This type of employer-executive partnership lets executives invest their own pre-tax money to generate retirement income on a tax-advantaged basis. Employers agree to pay retirement or survivor benefits in exchange for the executive’s deferral of current compensation. By foregoing current income, executives defer tax until retirement. They also earn tax-deferred interest on their investments. Executives (or their beneficiaries) pay income tax when they receive the benefits, and employers deduct the benefits as they are paid.

Nonqualified 401(k) vs. Qualified 401(k)

Qualified 401(k) plan:

  • Contributions limited to $17,500 in 2013, plus the $5,500 “catch-up” provision after age 50
  • represents only two to five percent of annual compensation for most executives
  • Executives lose the chance to invest the full percentage of pre-tax income allowed under their plan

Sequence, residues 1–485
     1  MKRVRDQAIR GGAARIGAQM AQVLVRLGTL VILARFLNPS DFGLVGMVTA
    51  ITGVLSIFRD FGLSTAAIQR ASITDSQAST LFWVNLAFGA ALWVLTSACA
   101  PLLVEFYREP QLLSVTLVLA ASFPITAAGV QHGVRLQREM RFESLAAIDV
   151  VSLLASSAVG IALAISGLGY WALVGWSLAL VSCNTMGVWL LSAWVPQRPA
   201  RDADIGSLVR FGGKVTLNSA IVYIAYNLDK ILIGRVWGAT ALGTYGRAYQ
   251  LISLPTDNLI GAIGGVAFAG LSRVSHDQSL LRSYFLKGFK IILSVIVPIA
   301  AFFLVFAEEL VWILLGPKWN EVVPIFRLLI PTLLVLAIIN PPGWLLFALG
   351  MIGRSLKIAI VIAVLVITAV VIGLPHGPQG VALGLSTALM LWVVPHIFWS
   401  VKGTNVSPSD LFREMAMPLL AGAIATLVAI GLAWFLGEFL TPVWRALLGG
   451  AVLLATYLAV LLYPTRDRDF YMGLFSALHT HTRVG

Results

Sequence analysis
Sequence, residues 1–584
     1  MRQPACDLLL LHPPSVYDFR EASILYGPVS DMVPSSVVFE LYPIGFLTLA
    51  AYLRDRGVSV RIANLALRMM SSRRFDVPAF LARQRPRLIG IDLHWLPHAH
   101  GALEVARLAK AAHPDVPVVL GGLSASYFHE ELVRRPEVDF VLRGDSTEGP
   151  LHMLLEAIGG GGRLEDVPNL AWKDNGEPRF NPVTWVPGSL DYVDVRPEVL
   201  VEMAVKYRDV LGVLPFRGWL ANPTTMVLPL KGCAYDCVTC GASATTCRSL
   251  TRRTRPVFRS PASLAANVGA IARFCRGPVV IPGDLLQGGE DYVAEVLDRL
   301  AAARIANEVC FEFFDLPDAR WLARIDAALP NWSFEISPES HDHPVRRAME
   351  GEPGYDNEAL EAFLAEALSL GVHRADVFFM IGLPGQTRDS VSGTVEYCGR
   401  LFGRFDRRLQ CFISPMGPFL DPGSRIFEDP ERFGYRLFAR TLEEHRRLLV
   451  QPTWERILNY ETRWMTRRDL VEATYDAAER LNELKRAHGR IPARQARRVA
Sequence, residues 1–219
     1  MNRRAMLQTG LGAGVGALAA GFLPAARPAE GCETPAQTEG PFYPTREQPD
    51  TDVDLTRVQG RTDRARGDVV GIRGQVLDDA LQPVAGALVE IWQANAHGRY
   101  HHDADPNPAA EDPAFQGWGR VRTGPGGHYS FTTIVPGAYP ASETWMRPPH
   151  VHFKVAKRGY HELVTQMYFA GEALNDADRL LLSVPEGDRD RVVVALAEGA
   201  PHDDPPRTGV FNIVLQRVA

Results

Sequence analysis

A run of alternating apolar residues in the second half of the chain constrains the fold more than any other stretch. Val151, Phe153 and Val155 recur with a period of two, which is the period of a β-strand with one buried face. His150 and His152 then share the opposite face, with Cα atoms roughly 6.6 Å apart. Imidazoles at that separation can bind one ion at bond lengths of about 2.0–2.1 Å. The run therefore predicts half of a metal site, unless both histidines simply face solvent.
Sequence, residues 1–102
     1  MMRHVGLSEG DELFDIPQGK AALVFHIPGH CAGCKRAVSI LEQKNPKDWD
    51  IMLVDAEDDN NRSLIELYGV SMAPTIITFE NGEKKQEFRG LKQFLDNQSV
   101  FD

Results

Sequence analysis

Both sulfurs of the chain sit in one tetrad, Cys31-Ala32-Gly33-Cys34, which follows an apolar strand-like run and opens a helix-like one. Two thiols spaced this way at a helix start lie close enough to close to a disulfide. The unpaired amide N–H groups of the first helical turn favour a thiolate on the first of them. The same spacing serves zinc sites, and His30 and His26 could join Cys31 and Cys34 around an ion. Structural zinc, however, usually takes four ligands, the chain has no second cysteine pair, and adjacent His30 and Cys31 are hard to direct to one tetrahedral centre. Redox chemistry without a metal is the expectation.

Nonqualified 401(k) plan:

  • Can be structured so combined qualified and nonqualified contributions equal the qualified plan formula, often around 15% of pay
  • Executives channel contributions that cannot go into the qualified 401(k) into the nonqualified 401(k) plan
  • Result: tax-deferred earnings and often a higher rate of return

Bonus Deferral:

  • Capital accumulation plan that lets executives defer a bonus (or salary) pre-tax and accumulate earnings tax-deferred
  • Can also be used to help directors defer fees in exchange for retirement and survivor benefits